Missionaries Develop Brazilian Hearts

If you’ve ever worked with an interpreter, you know how it can force you to consider every word. Suddenly, communicating takes twice as long, and the delay in response can be agonizing. Language matters, even in small things like ordering food. For more nuanced communication — such as sharing personal stories and the Gospel — things get complicated fast. As the first CCO mission team ever to travel with translators, the Brazil team had to adapt quickly.

Annie Flaherty, a CCO campus missionary and member of the Brazil team, spoke enthusiastically about the valuable experience of working with interpreters. “Right away, you learn the importance of being clear and simple,” she said. Those last three words are familiar to CCO: ­­ sharing the Gospel clearly and simply is one of our tenets. For each of the mission participants, having their speech translated into another language was a constant reminder to be concise. Extravagant sentences took forever. Elaborating on an idea made it choppy. Each extra word only added to the delay until the other person could respond. But for the team, this new form of communicating wasn’t a hindrance ­­ it was an opportunity.

All the translating reinforced the importance of language in being able to connect with the Brazilian people. Annie describes being in the women’s room late at night, all of the missionaries staying up to pore over their Portuguese vocabulary to be ready for the slightest chance to speak with a local in the native tongue. A deep love for the Brazilian people fueled the efforts of the team to learn bits of the language, investing in phrases that might spark further connection. “The first Portuguese phrase I learned was, ‘meu coração é brasileiro,’” Annie said. “It means, ‘my heart is Brazilian.’”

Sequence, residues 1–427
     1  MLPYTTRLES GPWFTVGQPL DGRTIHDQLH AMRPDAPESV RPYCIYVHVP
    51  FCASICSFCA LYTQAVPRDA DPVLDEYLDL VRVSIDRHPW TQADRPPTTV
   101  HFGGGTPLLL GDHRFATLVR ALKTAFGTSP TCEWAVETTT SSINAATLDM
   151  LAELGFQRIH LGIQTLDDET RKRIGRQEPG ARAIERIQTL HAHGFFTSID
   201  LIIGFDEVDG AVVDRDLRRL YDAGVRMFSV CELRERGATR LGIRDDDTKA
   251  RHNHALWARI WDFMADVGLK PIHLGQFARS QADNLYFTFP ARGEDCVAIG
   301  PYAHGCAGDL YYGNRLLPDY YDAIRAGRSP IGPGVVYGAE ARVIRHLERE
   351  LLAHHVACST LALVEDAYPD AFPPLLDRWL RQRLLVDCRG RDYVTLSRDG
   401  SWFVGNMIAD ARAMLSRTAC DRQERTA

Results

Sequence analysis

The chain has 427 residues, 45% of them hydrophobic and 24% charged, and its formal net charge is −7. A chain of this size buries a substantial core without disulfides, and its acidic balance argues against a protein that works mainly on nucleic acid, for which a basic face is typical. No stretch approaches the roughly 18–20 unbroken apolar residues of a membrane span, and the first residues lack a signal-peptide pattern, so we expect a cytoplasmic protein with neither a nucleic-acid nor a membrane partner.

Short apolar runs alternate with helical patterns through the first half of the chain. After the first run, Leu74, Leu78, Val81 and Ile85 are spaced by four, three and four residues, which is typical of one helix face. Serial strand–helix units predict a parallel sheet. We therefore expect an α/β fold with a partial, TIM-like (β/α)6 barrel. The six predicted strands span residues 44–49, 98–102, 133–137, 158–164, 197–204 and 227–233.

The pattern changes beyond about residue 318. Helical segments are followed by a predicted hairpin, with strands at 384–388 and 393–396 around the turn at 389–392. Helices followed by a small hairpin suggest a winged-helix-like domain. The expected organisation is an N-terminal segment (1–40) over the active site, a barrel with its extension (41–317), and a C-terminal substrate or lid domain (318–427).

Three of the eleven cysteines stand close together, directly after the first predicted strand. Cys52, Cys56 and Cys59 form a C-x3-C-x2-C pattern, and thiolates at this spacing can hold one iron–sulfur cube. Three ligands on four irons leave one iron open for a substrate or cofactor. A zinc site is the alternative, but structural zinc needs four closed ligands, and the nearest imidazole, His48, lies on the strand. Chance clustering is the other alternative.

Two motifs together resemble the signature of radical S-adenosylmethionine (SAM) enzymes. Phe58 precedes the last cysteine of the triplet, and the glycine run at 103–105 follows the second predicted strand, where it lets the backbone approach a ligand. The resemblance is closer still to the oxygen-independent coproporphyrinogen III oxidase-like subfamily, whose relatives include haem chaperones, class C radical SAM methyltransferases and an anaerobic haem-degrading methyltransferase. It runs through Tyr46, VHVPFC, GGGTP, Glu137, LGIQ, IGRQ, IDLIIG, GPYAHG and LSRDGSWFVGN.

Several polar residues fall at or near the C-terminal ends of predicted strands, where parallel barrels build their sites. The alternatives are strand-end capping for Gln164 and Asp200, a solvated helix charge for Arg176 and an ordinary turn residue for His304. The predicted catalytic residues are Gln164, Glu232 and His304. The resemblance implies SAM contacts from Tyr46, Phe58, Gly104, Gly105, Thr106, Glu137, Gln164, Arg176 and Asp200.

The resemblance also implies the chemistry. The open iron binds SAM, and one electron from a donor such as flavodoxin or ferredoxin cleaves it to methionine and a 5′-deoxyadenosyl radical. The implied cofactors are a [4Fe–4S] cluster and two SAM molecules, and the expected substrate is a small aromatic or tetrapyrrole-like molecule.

Traveling with interpreters brought a new element to the mission team’s experience in Brazil. It will also bring a new element to their evangelization work at home. After 24 days of having everything they uttered translated into another language, they’ve gained an appreciation for the weight of each word. They’ve gone through a “clearly and simply” boot camp, and will bring a natural brevity to their campuses and communities in Canada. They know that even when speaking the same language, meaning can get lost. Context can get confused. And there is no need to add extra words only to delay a response.

The Canadians with CCO weren’t the only ones picking up foreign phrases. As the team worked its way through the Amazon, children would often hang around the group and walk with them. The kids would imitate the mission team as members rushed between prayer meetings, always on the way to meet more people. Annie laughed as she remembered the one phrase the kids picked up from the group, repeating over and over: “Let’s go! Let’s go!”


This article originally appeared in the October 2015 edition of the Grapevine. In the Spring of 2015, three CCO staff members and nine students travelled to Brazil, where they trained 35 Brazilian university students in CCO methods and materials.


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